The caveat here is that striking gold with an old-school network kind of ratings success like Empire on Fox is still rare but attainable, and live musicals are clearly a thing to invest in, copycat allegations be damned. Oh, and CBS. CBS is always the caveat to the theory that making hits on broadcast is a mug’s game. But let’s make this super clear: there is only one CBS and nobody else is going to duplicate whatever freakish shamanism is going on over there. Don’t even look at CBS because it’ll just make you sad.
Everyone else — Fox, NBC, the CW — there is struggle and despair on the books. To make ABC a ratings hit in the current playing field is, well, pretty much impossible. This is probably the truth that Lee couldn’t sell to Sherwood who, frankly, hasn’t been in his own job long enough to absorb that fact he’s riding a dinosaur. The only way to have the money invested in creating network television make any kind of sense to the ratings that they deliver is to first upend the entire system so that the cost of making shows and paying talent is more in line with what’s going on in cable because the majority of shows on broadcast networks are now regularly returning cable ratings — on a good day.
But no, that revolution is not likely to happen and neither Lee nor Dungey can be blamed for that, as I detailed at length in this January column at TCA.
And with that we’ve reached the “let’s remember Paul Lee” segment of management transition, and I just want to say this about the man: He’ll get an easier job soon enough.
I’ve known Lee since he ran BBC America as it launched in this country, and he was incredibly astute even then. He ran what was once ABC Family before it had a ridiculous name change and made that virtually useless cable channel relevant. Because of Lee’s success at ABC Family he was promoted to ABC entertainment president in the summer of 2010, appearing in front of TV critics at TCA with less than 36 hours on the job.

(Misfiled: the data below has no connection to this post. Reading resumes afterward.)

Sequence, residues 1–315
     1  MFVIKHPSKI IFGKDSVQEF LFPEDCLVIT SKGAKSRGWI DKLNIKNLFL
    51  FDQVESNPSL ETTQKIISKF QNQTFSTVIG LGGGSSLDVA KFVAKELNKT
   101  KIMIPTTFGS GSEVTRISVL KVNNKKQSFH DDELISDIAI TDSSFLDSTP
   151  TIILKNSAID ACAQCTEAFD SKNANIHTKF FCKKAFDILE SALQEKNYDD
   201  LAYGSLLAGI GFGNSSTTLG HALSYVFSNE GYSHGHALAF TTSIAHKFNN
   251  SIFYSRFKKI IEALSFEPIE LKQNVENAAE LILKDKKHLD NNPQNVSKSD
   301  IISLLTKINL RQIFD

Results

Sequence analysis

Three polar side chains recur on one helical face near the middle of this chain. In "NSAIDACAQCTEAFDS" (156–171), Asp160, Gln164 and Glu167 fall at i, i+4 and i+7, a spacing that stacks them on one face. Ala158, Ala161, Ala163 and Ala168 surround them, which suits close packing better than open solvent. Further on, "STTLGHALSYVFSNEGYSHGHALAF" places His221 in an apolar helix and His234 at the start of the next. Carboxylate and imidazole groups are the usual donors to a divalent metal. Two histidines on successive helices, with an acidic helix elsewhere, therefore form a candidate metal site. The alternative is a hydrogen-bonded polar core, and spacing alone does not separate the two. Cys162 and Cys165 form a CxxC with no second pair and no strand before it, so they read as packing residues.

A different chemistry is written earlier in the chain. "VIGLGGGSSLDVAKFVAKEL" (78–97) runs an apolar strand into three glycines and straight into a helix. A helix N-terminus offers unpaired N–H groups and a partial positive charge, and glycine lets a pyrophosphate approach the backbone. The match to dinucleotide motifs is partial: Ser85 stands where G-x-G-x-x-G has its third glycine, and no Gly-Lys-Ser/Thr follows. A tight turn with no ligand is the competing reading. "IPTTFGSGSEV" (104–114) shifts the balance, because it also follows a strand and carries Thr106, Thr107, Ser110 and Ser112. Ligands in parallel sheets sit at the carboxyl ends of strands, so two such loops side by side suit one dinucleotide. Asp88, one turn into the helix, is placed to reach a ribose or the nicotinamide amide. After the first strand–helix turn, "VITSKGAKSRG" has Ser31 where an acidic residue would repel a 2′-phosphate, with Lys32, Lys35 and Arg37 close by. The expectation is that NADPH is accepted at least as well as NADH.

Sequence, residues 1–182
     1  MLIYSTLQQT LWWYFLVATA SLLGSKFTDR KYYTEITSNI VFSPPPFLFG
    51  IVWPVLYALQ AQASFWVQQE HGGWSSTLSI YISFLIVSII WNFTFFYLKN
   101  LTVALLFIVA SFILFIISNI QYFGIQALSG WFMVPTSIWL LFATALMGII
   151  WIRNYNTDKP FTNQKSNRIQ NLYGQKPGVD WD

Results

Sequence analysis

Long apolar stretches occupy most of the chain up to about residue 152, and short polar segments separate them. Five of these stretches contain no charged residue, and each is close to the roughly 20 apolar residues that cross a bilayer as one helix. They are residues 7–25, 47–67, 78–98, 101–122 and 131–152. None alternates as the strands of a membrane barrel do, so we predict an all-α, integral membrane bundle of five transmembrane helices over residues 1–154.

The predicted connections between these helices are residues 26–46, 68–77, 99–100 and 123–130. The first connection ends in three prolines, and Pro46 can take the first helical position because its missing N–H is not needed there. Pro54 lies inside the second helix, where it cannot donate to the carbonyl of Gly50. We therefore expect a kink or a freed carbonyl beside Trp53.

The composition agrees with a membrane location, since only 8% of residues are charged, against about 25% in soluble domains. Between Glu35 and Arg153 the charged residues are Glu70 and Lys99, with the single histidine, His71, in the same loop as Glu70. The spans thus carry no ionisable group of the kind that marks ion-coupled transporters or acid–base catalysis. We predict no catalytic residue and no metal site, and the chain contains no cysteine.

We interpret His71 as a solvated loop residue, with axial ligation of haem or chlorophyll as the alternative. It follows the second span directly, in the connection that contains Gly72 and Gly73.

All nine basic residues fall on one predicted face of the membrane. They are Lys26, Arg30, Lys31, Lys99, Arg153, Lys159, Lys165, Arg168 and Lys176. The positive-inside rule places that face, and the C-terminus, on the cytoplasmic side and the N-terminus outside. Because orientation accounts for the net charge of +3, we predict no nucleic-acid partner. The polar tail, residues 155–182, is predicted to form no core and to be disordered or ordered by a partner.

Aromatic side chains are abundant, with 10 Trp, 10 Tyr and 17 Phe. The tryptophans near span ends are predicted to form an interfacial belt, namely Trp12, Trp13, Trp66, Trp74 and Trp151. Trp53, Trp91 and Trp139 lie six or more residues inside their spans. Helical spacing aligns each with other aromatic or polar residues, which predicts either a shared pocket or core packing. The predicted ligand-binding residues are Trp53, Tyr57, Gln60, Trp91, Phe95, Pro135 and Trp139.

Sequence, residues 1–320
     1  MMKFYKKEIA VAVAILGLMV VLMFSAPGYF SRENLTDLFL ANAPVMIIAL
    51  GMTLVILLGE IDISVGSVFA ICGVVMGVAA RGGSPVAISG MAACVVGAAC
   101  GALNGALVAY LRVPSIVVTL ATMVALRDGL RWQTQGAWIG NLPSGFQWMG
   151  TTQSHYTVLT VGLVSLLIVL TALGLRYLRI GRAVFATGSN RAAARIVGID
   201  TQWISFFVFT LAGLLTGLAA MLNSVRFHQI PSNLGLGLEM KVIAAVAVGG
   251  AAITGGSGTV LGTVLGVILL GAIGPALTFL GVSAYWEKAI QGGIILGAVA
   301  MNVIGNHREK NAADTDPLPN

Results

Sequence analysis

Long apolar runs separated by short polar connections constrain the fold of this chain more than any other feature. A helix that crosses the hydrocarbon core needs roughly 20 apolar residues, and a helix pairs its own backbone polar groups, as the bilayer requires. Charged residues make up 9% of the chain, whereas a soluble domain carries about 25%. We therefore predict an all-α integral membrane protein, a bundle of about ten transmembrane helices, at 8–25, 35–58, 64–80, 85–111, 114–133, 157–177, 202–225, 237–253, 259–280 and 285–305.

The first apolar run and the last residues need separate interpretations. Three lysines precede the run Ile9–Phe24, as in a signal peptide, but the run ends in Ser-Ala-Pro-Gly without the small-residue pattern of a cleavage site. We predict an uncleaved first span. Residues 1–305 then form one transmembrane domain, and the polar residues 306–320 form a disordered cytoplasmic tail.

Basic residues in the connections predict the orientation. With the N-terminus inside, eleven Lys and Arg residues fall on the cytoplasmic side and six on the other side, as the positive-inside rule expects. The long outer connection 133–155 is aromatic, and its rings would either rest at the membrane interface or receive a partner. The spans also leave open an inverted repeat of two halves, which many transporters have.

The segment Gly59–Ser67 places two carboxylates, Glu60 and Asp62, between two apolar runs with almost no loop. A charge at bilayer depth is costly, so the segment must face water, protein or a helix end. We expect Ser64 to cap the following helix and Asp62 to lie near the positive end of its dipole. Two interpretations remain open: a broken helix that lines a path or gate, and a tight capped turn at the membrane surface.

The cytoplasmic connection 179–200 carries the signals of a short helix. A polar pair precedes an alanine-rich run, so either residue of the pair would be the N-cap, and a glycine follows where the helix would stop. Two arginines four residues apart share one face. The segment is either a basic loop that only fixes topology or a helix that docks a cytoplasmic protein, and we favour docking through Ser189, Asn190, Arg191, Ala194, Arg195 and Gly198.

In his ABC tenure I discovered something I hadn’t known about Lee — as a Brit he absolutely adored the broadest kinds of American television when he was growing up. You know, the kinds of laugh-track heavy inanity that television critics generally abhor. This was in stark contrast to all the smart BBC America stuff, of course, but was completely in the DNA of ABC Family as he connected with what young millennial viewers wanted and, naturally, what broadcast networks were all about back then (which, given the supersonic onset of Peak TV, does seem like another world away). Lee had plenty of misses at ABC (plenty of shows I loathed) and he was rumored to be toast a number of times. In fact, when Kevin Reilly was dumped at Fox I asked on Twitter who among us TV critics had Reilly going before Lee in the executive dead pool — something that Lee took in the spirit of his job’s built-in doom factor but which ABC publicity did not.
Despite our many differences in opinion about what Lee put on the air at ABC, he was never less than cordial and professional to me in person (certainly not true of all execs) and once, in a time of crisis in his job (because, as noted, it’s the least safe job in the business), he made his way past handlers to congratulate me on this piece, for being the only person who noticed he had cleverly set himself up as the first sitting entertainment president to “rebuild” his own failed network.
That took a sense of humor and also a keen understanding that these jobs don’t last forever. CBS is the only network that routinely passes the baton of success to someone else. Every other network has historically just fired its entertainment president and moved on (although the modern day approach is to take a slightly elevated title and slyly make someone else the entertainment president even when you control the decisions — see NBC, Fox).
On Wednesday, Lee was able to “step down” amid a power struggle. That’s clever, too. He’ll be back, though. Most former entertainment presidents stay in the business. I’d bet money that Lee will go to cable, however — because he knows as well as anyone that successfully running a broadcast network in its current form in a Peak TV world, is a more futile endeavor now than ever.